By Karl Arnold Belser
16 June 2013

I have been contemplating what I have learned from my first BLOG entry, Reading List for An Uncertain Future. I conclude that the world seems to be on the cusp of a major change due to the following megatrends:


The world appears to be in a depression whose severity has been softened by the central banks in many countries in which they have held interest rates low. The magnitude of this action is larger than any central bank actions in the past. Hence,  the risks and effectiveness of these actions are unknown
. However, it appears that the central banks are betting that economic growth can be revived, whereas I expect the world to evolve into a more steady-state economy as it was prior to about 1800.


Computers and robots are now doing many of the jobs that used to be done by ordinary people, and I expect more and more middle-level jobs to be automated. The result might be similar to what happened during the late 19th century
when many people became domestic servants in response to the industrial revolution.  

The current US laws an regulations have made it onerous for individuals to hire people to help them.  Instead many people are being forced into low paying, temporary jobs in the service sector of the economy.


The natural resources of the earth are being depleted at a high rate to accommodate the growing world population. It follows that people on the average will have to consume less. This may mean that people might have to live in small dwellings in compact and efficient cities with good public transportation like Hong Kong. I recently visited Hong Kong and I personally would find living in such a city acceptable.


There is a large unequal distribution of wealth in the world with fewer than a million people owning a dominant share of the world’s assets.  One could argue that this inequality will lead to war or social revolution, but I don’t think so because such outcome would only happen if a large population of people were suffering because of lack of food and shelter.

I note from Robert Shiller’s Open Yale economics course that the purpose of economics is to promote the general welfare. I believe that this general welfare intent is ubiquitous in world governments. Hence, I expect that there will be some pretty aggressive government action to redistribute wealth so that the average standard of living is tolerable.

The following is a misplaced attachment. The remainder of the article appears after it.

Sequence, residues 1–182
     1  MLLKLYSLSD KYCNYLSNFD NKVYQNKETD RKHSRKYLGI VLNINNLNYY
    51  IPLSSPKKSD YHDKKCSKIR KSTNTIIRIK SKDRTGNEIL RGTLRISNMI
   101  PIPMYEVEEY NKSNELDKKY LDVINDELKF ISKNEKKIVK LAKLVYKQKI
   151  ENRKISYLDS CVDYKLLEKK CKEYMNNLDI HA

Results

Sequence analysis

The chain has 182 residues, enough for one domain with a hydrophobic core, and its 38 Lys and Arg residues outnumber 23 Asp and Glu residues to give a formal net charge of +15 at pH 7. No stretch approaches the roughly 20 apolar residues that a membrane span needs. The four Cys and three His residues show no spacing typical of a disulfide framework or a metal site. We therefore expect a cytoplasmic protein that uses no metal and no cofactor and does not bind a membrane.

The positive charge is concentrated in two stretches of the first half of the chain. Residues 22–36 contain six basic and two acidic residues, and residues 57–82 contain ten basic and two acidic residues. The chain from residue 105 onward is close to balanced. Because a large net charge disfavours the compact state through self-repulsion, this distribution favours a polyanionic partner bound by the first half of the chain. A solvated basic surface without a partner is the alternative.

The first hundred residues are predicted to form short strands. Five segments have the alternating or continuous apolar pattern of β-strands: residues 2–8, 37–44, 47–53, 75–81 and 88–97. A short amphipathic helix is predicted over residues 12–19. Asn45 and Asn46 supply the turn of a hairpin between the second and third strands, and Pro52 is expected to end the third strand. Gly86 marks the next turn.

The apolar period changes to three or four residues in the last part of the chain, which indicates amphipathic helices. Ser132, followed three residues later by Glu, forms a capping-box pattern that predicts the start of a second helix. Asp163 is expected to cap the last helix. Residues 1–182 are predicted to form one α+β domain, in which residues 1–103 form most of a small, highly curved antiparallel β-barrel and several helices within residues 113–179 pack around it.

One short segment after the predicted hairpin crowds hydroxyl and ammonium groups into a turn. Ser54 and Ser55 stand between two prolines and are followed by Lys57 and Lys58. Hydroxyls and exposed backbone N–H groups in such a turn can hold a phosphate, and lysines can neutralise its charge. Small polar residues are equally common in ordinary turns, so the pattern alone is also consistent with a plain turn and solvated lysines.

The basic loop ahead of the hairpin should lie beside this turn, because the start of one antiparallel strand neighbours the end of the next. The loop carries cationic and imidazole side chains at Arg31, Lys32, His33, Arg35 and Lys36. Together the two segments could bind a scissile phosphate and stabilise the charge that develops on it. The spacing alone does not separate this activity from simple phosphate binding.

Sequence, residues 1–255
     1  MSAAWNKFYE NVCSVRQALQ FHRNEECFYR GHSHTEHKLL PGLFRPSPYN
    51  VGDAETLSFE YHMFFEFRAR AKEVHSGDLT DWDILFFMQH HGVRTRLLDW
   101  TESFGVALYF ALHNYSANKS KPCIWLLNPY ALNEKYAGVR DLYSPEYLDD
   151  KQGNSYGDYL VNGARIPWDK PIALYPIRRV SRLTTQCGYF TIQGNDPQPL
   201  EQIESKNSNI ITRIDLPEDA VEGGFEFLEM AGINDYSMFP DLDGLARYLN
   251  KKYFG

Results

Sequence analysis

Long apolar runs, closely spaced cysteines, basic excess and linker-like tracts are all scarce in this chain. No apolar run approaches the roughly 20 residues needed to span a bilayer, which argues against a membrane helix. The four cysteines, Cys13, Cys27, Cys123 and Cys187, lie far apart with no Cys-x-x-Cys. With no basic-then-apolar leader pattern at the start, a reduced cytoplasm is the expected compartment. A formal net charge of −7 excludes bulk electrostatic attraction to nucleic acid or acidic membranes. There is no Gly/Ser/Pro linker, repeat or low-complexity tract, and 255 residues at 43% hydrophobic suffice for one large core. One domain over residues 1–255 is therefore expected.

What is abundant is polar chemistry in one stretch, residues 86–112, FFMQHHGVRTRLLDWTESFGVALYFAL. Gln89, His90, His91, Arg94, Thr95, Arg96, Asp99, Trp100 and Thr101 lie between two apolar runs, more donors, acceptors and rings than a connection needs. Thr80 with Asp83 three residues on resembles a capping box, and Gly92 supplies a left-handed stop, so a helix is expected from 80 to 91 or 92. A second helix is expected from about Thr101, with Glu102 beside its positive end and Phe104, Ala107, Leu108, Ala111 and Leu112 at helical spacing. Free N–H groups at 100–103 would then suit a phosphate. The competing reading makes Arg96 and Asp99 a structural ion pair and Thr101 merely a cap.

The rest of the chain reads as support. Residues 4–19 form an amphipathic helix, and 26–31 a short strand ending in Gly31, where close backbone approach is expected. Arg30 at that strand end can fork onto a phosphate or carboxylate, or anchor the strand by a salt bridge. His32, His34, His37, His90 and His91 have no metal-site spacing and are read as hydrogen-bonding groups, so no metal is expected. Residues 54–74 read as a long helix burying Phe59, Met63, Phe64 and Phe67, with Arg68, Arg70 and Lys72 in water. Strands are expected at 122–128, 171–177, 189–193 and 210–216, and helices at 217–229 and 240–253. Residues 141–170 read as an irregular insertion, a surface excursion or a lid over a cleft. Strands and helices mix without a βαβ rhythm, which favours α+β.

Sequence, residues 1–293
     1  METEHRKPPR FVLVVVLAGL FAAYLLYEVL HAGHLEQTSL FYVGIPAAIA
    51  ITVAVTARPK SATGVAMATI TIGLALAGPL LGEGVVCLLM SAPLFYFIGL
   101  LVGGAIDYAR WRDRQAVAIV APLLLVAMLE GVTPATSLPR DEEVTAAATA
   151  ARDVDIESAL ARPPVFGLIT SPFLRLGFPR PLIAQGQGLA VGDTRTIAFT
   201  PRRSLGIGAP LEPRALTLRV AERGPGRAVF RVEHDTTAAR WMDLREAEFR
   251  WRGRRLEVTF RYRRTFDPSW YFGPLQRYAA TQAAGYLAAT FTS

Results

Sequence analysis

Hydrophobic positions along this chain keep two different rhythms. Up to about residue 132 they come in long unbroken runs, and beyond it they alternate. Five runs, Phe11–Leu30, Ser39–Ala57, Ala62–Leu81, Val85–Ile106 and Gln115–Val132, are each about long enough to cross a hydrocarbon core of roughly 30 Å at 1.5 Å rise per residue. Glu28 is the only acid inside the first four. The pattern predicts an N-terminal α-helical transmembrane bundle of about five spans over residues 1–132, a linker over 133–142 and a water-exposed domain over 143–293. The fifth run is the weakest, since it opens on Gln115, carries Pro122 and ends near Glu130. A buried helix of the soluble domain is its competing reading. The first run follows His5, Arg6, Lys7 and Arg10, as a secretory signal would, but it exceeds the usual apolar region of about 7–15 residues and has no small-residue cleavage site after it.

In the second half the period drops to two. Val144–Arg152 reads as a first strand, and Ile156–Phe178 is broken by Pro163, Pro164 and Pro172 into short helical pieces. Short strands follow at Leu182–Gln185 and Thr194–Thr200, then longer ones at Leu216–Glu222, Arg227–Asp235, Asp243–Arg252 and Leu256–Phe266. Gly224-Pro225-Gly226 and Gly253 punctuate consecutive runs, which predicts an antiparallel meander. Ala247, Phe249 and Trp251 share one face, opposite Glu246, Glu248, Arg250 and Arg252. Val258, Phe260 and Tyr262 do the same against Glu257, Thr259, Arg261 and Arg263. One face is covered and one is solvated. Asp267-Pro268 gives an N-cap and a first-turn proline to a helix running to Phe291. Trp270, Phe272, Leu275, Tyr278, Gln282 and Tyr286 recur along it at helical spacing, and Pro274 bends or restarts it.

The Earth is experiencing global climate change that is probably unavoidable because of the long time constants in the dynamical system of the heating and cooling of the planet.  There are ways, if everyone on earth were to cooperate, to mitigate  or compensate for these changes.  For example, injecting sulfur dioxide into the upper atmosphere could cause the earth to cool. See the book Superfreakonomics by Lefitt. The result would be a planet that was analogous to  a single living organism.  However, I believe that the governments of the world are a far from any cooperation like this.  They don't see the urgency today.

Instead, I expect a slow and steady change to occur, like the proverbial boiling of a frog in a slowly heating pot of water. The results will probably be more weather related damage and death, changes in the agricultural productivity of certain parts of the world, and migration of people to minimize the pain they experience from this type of change.  I think that as long as the changes happen slowly, people will adapt.


Big data is a fact today.  Most governments can track its citizens via GPS in cell phones, log all communication via the Internet, and monitor most financial transactions. This capability is an enormous integrating and controlling factor. 

Alan Watts (in the 1960s) talked about the metaphor of a city being like a living thing with counterparts to the functions of the human body. This metaphor is truer today than it was 50 years ago.

I think that this unification via government just has to be accepted. And as such any fundamental changes might result in moral hazards that the government will have to correct and control. This process is I believe going to be slow and problematic.


The above items are the mega-trends that I see. There also may be Black Swan events that have a small probability of happening, like war, terrorist attacks or incurable disease. It is worth some small amount of thought and preparation for such rare events.

Last updated July 2, 2013
HTML 4.01